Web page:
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Author Topic: hell halbweiss?  (Read 309 times)

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Offline ian.macky

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hell halbweiss?
« on: February 18, 2018, 12:47:50 AM »
Can anyone tell me what the glass color "hell halbweiss" might be?  It's the cheapest color listed in Falconnier glass brick catalogs, and since the default/common glass color is the usual sort of light aqua, I assume that's what it refers to.  True clear glass ("weiss") is more expensive.

Danke...

--ian

Offline Anne

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Re: hell halbweiss?
« Reply #1 on: February 18, 2018, 01:18:07 AM »
Literally it translates to bright half white so I wondered if it means opaque rather than clear?

Offline ian.macky

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Re: hell halbweiss?
« Reply #2 on: February 18, 2018, 01:25:22 AM »
Literally it translates to bright half white so I wondered if it means opaque rather than clear?
AFAIK the only opaque bricks were in milkglass, listed in the catalog as "opal" or "milchweiss".

I also notice my other catalog lists the basic color as just "halbweiss", not "hell halbweiss"; presumably these were the same thing and the "hell" was just marketing-fluffery.

--ian

Offline Anne

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Re: hell halbweiss?
« Reply #3 on: February 18, 2018, 08:17:54 PM »
Hmmm it could be, Ian. I asked Dirk about it and gave him the link to this topic so I hope he might pop over and add a comment.

Offline dirk.

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Re: hell halbweiss?
« Reply #4 on: February 18, 2018, 08:34:18 PM »
Hiya,
to be honest it was a term I hadn´t heard of, but it seems I may have found the answer.
It appears to be the technical term for glass, which isn´t perfectly clear, but has the typical tinge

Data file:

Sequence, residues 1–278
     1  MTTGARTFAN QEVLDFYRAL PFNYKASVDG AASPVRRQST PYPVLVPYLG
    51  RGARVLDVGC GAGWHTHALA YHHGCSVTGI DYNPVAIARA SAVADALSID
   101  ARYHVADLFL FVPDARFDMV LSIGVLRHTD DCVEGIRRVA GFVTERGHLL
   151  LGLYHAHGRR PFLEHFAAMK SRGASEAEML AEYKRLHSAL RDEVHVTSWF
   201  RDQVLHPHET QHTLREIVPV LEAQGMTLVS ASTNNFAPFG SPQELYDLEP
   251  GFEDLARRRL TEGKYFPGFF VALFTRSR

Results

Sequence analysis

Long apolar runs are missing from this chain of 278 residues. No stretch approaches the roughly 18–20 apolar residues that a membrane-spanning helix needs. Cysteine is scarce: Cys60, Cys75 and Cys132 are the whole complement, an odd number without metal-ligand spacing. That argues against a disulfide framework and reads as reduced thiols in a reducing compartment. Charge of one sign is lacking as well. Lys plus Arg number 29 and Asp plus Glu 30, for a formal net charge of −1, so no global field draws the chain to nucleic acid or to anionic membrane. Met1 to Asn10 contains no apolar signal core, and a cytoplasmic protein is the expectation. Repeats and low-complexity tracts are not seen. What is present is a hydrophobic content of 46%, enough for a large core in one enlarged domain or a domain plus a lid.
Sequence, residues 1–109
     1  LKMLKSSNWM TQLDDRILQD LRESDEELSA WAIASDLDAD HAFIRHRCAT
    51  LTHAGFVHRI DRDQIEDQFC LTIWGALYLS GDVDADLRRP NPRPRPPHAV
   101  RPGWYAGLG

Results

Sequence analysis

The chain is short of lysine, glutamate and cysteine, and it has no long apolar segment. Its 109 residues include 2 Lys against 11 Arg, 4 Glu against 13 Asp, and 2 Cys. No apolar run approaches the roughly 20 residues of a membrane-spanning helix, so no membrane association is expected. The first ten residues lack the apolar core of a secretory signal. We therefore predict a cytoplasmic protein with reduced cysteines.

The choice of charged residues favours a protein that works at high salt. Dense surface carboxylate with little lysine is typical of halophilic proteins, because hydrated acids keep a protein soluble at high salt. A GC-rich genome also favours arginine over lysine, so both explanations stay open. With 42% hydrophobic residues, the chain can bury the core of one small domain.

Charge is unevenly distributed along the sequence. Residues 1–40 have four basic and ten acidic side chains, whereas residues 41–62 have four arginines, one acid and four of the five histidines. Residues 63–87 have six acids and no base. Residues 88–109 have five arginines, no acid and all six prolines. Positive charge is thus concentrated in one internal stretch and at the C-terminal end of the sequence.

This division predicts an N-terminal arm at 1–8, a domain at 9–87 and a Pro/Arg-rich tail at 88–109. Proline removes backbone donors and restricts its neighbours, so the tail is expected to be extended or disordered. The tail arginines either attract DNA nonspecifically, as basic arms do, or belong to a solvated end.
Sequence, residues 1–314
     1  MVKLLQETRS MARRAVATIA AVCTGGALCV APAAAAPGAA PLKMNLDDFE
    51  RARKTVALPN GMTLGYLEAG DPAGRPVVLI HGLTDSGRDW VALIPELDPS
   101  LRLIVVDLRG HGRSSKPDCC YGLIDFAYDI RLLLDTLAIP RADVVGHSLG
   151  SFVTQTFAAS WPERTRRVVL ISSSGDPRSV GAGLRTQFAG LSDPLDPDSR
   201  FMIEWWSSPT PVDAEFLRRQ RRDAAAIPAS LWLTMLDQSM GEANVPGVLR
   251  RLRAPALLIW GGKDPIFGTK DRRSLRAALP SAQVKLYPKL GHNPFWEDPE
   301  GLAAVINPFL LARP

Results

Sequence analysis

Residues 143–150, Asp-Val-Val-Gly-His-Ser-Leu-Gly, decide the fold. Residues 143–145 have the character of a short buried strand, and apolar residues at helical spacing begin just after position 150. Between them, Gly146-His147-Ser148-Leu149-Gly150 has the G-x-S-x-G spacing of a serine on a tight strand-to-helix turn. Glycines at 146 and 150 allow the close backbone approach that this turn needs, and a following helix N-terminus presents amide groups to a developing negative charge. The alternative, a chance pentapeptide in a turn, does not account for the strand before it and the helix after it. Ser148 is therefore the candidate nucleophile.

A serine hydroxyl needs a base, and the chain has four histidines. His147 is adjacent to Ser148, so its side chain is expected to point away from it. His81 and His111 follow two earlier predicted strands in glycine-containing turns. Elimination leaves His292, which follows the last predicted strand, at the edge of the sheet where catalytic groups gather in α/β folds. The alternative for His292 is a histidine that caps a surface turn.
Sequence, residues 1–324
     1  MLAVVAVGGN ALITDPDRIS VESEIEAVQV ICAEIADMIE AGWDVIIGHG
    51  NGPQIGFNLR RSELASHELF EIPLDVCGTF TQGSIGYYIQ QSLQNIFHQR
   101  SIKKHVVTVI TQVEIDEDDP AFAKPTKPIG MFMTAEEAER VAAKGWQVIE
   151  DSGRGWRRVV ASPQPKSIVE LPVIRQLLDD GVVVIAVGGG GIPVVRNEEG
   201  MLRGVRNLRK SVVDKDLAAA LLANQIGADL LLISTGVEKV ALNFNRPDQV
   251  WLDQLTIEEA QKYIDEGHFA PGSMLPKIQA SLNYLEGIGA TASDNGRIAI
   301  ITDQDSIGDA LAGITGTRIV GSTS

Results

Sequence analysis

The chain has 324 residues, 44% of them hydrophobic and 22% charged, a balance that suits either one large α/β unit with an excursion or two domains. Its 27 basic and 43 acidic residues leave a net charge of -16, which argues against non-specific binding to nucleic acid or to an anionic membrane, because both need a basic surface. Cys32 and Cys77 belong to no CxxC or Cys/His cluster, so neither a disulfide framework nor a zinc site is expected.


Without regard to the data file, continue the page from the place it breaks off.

of e.g. recycled glass.
So it should have the typical greenish tinge to it.
http://glas-freital.com/index.php/flaschen/weinflaschen/bordeauxflaschen/weitere-bordeauxflaschen/bordeaux-allegee-bm
In german sometimes the term ´weiß´ (white) is used synonymically with ´klar´ (clear).
"Those are my principles. If you don't like them I have others." - Groucho Marx

...working on it...
https://picasaweb.google.com/108140812446658939096

Offline Anne

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Re: hell halbweiss?
« Reply #5 on: February 18, 2018, 08:37:06 PM »
That's very helpful, thanks Dirk. It seems to support what Ian was thinking as well. 

Offline ian.macky

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Re: hell halbweiss?
« Reply #6 on: February 18, 2018, 10:28:02 PM »
It appears to be the technical term for glass, which isn´t perfectly clear, but has the typical tinge of e.g. recycled glass.  So it should have the typical greenish tinge to it.

Thank you; that fits.  glas-freital.com isn't responding, but the wayback machine has the pages: they list three colors for their 750 ml Bordeaux Allegee BM: weiß, halbweiß and lichtgrün.

In german sometimes the term ´weiß´ (white) is used synonymically with ´klar´ (clear).

Would there be a distinction between klar and krystall, i.e. degree of clarity?  I'm inclined to think this is just more marketing.

In the insulator world, when they wanted a colorless glass, and used "glassmaker's soap" (manganese dioxide) instead of expensive and rare pure silica sand, they ended up with what collectors call "off-clear": colorless, but not really clear, since the manganese added a purple tint which just countered the greenish tint caused by iron contamination (and both tints were subtractive).  Off-clear is sort of very light gray, if you can picture that in glass (a couple examples attached).

Offline dirk.

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Re: hell halbweiss?
« Reply #7 on: February 19, 2018, 07:23:20 PM »
The synonymical use of the the term white for clear would only work in one direction, so a clear
item would sometimes possibly be called white, but never vice versa.
I think the word ´kristall´ would always implicate a stronger clearness than just ´klar´. There would
also be the word ´kristallklar´ (crystal clear) in german with the same meaning as in english; this
can also be used in a figurative way.
"Those are my principles. If you don't like them I have others." - Groucho Marx

...working on it...
https://picasaweb.google.com/108140812446658939096

 

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